One might imagine that the setting was, oh, somewhere in Africa. But it was actually in New Orleans, in 2005, in the immediate aftermath of Hurricane Katrina. The horrors were reported at the time, but I don’t think we northerners realized how bad it was. It was really bad.

The book is split about evenly between the account of what happened and the account of the legal battles that followed. In that portion, I couldn’t decide whose side to be on. There are few heroes here, but no out-and-out villains either.

“Called for Life”
  • Authors: Dr. Kent and Amber Brantly
  • Published: 2015

Another book related to Ebola, but this memoir stems from the more recent outbreak that caused so much death and destruction in western Africa and so much unreasoning panic in the United States.

Dr. Kent Brantly was involved on both continents, serving as a medical missionary in Liberia when he contracted the virus and being evacuated to Emory Hospital in Atlanta for treatment. Humble, grateful and apolitical, Brantly nonetheless has strong words about the contributions to the Ebola hysteria in the U.S. from people who should have known better.

“We saw public health policy guided by fear rather than by the best available science,” he writes. “These attitudes toward Ebola fighters and victims break my heart.”


Most of this year was dedicated to reading more classic books as I attempted to complete an ambitious challenge. I tried to read a book by every author mentioned in a web series called "Poe Party." But in between the hefty classics (I'm looking at you, Dostoyevsky), I had to have a bit of fun.

These are the best books that I read for fun in 2017:

"Once and For All"

• Author: Sarah Dessen

• Published: 2017

Sarah Dessen books are fairly formulaic. There's a female protagonist who is in the midst of some life change while simultaneously dealing with a new romantic interest. And "Once and For All" starts out the same, yet follows its own path. Louna, a recent high school graduate, is spending one last summer working for her mother's wedding event planning business. Enter Ambrose, an irresponsible yet charming brother of one of the brides who seems convinced that the two are meant to be together. Yet Louna has a past experience with love which makes her hesitant to jump into another relationship.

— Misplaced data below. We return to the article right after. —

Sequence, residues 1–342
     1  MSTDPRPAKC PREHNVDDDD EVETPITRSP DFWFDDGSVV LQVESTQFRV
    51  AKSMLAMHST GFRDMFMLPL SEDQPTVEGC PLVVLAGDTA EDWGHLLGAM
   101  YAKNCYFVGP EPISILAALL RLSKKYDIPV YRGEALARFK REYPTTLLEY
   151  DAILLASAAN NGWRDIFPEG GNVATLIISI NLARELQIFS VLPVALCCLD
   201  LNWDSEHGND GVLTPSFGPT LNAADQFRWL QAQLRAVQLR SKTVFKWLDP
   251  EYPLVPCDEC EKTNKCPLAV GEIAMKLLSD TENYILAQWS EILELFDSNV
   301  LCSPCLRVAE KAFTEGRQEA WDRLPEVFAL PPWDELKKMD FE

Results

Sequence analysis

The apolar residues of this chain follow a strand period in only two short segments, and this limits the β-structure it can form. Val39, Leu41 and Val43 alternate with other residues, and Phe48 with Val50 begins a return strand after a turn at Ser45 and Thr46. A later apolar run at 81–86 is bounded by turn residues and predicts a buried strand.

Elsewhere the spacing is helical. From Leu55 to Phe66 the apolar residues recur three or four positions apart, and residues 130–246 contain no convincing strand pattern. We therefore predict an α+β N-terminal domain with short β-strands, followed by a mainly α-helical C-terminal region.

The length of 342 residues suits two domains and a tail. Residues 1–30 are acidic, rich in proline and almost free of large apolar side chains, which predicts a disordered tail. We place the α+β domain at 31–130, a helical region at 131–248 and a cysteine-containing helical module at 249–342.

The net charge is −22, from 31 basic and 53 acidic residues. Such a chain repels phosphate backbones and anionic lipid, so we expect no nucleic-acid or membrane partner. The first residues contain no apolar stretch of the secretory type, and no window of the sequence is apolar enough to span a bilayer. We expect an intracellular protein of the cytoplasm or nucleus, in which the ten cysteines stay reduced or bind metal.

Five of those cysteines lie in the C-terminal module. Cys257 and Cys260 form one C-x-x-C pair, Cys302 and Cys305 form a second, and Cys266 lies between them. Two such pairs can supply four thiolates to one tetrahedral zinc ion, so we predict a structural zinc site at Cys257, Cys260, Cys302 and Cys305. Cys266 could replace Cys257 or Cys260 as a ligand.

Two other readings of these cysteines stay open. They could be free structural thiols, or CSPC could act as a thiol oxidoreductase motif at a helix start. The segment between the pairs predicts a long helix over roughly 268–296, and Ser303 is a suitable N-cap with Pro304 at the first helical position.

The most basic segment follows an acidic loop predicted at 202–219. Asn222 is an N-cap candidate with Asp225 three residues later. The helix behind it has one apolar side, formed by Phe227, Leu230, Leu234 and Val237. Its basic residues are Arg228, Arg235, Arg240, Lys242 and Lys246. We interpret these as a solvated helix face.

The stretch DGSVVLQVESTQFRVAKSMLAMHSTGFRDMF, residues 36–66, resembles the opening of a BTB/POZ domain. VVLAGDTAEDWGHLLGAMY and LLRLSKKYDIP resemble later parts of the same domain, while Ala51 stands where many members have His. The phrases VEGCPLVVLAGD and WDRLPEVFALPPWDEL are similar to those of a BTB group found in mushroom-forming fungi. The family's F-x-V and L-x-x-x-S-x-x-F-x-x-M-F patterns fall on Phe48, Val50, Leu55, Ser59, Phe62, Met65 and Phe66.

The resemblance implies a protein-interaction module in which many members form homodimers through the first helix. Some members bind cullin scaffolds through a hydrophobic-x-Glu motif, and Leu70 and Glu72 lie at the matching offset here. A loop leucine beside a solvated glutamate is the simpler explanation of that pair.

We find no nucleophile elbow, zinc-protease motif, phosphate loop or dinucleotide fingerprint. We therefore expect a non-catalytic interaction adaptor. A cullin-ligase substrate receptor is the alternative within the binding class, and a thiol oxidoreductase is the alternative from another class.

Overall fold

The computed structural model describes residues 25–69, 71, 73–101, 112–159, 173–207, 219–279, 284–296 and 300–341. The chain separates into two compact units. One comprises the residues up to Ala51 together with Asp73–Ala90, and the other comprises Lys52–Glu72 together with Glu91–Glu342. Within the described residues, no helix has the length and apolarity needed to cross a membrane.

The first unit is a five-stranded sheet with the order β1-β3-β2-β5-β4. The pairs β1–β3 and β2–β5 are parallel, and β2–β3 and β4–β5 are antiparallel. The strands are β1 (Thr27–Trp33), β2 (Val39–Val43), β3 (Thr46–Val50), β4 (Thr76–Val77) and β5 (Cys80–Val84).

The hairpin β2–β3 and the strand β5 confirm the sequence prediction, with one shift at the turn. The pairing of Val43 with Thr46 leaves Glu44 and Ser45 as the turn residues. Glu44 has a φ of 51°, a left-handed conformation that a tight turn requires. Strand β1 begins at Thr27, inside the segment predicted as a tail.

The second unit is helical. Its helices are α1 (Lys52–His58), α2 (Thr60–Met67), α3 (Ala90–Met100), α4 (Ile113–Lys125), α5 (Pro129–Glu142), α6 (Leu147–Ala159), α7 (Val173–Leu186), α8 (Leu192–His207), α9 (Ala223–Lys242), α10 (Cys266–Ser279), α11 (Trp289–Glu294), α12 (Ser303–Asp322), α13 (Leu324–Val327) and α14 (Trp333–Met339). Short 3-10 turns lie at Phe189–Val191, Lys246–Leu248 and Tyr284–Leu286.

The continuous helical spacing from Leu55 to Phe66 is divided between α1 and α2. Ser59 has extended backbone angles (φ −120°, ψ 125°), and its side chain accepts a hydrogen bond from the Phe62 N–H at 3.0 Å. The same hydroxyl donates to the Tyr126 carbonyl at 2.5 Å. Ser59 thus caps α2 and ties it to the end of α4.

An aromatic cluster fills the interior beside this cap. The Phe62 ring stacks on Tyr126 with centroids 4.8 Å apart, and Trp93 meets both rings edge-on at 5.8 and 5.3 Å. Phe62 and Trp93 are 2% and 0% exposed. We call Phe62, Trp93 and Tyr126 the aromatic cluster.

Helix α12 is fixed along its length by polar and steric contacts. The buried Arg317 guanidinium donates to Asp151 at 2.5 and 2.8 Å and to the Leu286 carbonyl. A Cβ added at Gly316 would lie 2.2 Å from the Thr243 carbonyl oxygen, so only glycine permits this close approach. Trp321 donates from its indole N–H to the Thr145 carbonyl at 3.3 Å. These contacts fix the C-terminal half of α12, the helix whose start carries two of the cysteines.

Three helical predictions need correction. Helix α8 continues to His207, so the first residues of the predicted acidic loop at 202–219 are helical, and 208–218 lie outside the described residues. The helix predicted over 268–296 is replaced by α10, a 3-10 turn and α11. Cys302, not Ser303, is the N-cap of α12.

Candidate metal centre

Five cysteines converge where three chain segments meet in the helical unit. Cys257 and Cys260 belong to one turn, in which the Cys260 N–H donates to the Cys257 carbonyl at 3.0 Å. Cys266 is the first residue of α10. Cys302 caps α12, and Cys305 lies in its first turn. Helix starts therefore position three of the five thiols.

"Turtles All the Way Down"

• Author: John Green

• Published: 2017

Fans have been waiting for five years, since "The Fault in Our Stars" in 2012, for another book from author and vlogger John Green. The story follows Aza, a 16-year-old student searching for a disappeared millionaire with her best friend. Yet the real takeaway from the book is Aza's continual experiences with thought spirals, anxiety and mental health, which are inspired in part by Green's real-life experiences. Although there aren't many actual turtles in the book, I quickly read through my signed copy (yes, I'm bragging.)


• Author: Mary Shelley

• Published: 1818

You probably think you know the story of Frankenstein: crazy doctor, with aid from Igor, harnesses lightning to bring life back to green-skinned, stitched-together monster who then goes on a rampage. But a lot of these notions of Frankenstein were invented by Hollywood and rehashed in various sequels and homages. The actual novel follows Victor Frankenstein, a science student who figures out the secret of life and reanimating the dead. Which happens fairly early on in the book. The rest of the book deals with the after-effects which reach everybody in Frankenstein's life.

"An Unattractive Vampire"
  • Author: Jim McDoniel
  • Published: 2016

Tired of the new convention of attractive, yet emotionally scarred, pretty bad-boy vampires? This book puts a literal stake into the recent trends of attractive vampires. Millenium-old Yulric Bile is much more Nosferatu than Edward Cullen and when he awakens in modern times, he’s devastated to see the current state of vampiredom. He wants revenge and drags along an unlikely team of vampire-wannabe Amanda and her strange 8-year-old brother Simon on the journey to reclaim vampires.

"It Devours"
  • Authors: Joseph Fink and Jeffrey Cranor
  • Published: 2017

Something sinister is swallowing up the friendly desert community of Night Vale. Two normally opposing individuals, scientist Nilanjana Sikdar and Darryl, a member of the Congregation of the Smiling God, must work together despite their different viewpoints. The book takes place in the strange world of Night Vale and is based on the podcast “Welcome to Night Vale” also written by Fink and Cranor. However, one does not have to be familiar with the podcast to read the book.